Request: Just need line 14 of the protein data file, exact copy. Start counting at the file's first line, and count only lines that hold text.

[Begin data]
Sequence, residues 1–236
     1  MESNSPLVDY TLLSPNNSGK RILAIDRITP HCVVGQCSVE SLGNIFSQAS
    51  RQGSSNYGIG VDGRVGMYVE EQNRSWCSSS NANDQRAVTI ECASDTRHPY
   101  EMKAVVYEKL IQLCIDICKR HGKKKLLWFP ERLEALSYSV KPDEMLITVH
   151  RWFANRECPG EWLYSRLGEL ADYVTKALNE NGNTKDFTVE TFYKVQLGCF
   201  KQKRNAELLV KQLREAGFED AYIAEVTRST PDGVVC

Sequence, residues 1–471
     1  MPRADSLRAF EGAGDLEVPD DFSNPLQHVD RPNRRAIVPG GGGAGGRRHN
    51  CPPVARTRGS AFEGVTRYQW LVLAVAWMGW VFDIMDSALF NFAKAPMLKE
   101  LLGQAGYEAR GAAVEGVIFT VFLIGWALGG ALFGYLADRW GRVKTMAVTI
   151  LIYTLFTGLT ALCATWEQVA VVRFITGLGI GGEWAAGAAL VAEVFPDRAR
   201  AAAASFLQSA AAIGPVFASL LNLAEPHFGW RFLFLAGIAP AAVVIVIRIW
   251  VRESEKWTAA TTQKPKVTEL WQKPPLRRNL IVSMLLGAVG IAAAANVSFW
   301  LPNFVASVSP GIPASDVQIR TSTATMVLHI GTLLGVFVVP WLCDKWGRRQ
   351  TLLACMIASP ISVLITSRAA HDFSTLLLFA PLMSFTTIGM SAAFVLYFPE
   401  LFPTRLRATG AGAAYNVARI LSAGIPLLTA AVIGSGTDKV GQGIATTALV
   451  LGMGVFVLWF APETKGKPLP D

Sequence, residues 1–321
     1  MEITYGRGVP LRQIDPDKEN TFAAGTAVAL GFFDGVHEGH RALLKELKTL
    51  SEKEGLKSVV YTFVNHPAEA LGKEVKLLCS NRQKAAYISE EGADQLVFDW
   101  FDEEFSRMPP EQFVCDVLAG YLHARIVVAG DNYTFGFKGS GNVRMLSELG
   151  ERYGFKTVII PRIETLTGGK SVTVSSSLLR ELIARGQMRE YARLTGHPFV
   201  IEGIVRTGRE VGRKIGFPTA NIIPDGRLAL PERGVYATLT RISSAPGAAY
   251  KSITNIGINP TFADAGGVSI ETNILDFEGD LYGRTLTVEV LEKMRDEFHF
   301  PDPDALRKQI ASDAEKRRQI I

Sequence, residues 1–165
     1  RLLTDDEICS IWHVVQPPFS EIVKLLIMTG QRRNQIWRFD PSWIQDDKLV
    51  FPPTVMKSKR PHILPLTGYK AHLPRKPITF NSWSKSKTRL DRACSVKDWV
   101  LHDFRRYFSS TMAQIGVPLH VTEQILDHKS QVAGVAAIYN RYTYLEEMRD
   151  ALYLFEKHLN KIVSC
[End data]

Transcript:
   301  LPNFVASVSP GIPASDVQIR TSTATMVLHI GTLLGVFVVP WLCDKWGRRQ